But, false-positive rate may be too high for some women, study suggests ,,,,
TUESDAY, May 13 (HealthDay News) -- While undoubtedly lifesaving for many women, mammography is far from perfect. But, undergoing breast ultrasound in addition to standard mammography can find more cancers in high-risk women, particularly those with dense breast tissue, a new study found.
But, the study authors noted, ultrasound also significantly increases the rate of false-positive readings.
"In our study participants, half of the breast cancers were found using mammography alone. By adding ultrasound, we found 78 percent of the cancers," said the study's lead author, Dr. Wendie Berg, a radiologist at an outpatient center in Lutherville, Md., affiliated with Johns Hopkins Medical Center.
However, identifying those extra cancers came with a cost of significantly more false-positive readings.
"With mammography, a woman has about a one in 40 chance that a biopsy will turn out not to be cancer. With the addition of ultrasound, it's one in 10," Berg said.
Results of the study, which was funded by the Avon Foundation and the U.S. National Cancer Institute, were published in the May 14 issue of the Journal of the American Medical Association.
Each year, more than 180,000 American women are diagnosed with breast cancer, and almost 41,000 will lose their lives to the disease. Death rates from breast cancer have been declining, possible due to earlier detection and diagnosis, according to the American Cancer Society.
The new study included almost 3,000 women recruited from 21 centers. The average age was 55 years old, and all of the women had a higher-than-normal risk of breast cancer.
The women were randomly assigned to receive either mammography alone or mammography plus ultrasound performed by a physician.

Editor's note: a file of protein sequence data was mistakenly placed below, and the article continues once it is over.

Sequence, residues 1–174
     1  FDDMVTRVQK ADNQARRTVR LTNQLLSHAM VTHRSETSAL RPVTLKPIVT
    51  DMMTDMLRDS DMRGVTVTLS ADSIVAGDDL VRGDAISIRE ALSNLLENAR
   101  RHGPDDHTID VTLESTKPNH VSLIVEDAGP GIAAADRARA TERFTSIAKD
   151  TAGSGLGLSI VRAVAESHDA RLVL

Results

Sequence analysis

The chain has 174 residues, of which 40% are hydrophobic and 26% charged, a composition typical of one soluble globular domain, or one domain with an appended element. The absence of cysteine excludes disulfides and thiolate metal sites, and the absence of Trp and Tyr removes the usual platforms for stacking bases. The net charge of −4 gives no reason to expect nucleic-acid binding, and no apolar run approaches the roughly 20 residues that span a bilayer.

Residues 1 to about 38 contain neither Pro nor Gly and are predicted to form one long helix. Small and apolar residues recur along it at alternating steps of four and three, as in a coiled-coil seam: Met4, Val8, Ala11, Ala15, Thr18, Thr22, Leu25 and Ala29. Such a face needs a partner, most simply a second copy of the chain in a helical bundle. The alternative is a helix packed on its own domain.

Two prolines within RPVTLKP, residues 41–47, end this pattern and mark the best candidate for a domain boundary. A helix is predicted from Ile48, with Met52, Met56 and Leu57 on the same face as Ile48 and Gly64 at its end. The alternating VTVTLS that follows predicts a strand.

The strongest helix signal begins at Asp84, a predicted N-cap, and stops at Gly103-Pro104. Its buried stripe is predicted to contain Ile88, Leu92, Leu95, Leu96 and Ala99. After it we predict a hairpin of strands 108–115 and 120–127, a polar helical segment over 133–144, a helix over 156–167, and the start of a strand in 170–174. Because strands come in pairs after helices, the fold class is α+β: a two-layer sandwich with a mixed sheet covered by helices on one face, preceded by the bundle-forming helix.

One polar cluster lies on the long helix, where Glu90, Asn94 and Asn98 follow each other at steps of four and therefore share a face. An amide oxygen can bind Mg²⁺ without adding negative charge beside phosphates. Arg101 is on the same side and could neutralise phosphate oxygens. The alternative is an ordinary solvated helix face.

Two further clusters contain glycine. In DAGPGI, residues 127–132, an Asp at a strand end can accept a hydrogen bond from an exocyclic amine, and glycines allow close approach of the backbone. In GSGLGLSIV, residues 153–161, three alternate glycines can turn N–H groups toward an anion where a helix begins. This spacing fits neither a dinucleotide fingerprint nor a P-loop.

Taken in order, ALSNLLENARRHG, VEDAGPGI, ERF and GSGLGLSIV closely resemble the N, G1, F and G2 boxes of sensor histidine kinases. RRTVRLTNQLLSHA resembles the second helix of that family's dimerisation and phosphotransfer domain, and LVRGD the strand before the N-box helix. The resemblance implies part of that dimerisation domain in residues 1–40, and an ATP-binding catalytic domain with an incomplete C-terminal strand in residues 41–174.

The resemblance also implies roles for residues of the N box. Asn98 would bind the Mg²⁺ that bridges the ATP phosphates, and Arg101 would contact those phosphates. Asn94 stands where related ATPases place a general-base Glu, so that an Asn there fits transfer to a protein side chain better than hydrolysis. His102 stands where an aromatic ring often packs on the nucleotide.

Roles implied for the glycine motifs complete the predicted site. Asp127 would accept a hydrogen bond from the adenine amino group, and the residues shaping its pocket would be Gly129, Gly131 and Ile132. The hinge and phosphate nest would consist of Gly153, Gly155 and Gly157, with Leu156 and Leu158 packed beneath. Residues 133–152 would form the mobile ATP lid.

Forty women were diagnosed with breast cancer within a year of their initial screening. Mammography alone uncovered 20 cancers, 50 percent, while the combination screening technique found 31 of the cancers, or about 78 percent, according to the study.
That means for every woman screened, mammography alone will find 7.6 cancers, mammography plus ultrasound will detect 11.8 cancers, and three cancers will be missed altogether, the researchers said.
The study found that ultrasound was a good complementary screening tool for mammography, because it found cancers that mammography might miss.
"Ultrasound performs best in cases for which mammography performs weakest, i.e., in breast areas with dense fibroglandular tissue," Dr. Christiane Kuhl, with the Department of Radiology at the University of Bonn in Germany, wrote in an accompanying editorial in the journal. Kuhl also noted that the drawbacks to ultrasound include the frequency of false-positives, the cost of the test, and a lack of evidence that the test affects mortality.
Berg noted that there aren't currently enough physicians or ultrasound technicians trained for ultrasound to be a viable, widely used screening tool right now, even just for high-risk women.
"On average, physicians can only perform three to five ultrasounds per hour," said Berg, compared to as many as 50 mammograms in an hour, according to the editorial.
Dr. Julia Smith, director of the Lynne Cohen Breast Cancer Preventative Care Program at the New York University Cancer Institute and Bellevue Hospital in New York City, said, "I already do ultrasounds on women at risk. As a complementary test, ultrasound can be a very useful test. Also, we know it's relatively inexpensive and safe."
Magnetic resonance imaging (MRI) may be more effective than either mammography or ultrasound, and it's fast becoming a popular tool for breast cancer screening, but, Smith said, the cost of MRI is prohibitive.
Given limited health-care resources, Kuhl wrote that "mammography will probably remain the basis for breast cancer screening for the foreseeable future."
Smith said what's most important is for women to talk with their doctors about their individual risk of breast cancer, and then decide which screening tests would be most appropriate.
To learn more about breast cancer screening options and current recommendations for screening, visit the American Cancer Society.
SOURCES: Wendie Berg, M.D., Ph.D., radiologist, outpatient center affiliated with Johns Hopkins Medical Center, Baltimore; Julia Smith, M.D., director, Lynne Cohen Breast Cancer Preventative Care Program, New York University Cancer Institute and Bellevue Hospital, New York City; May 14, 2008, Journal of the American Medical Association
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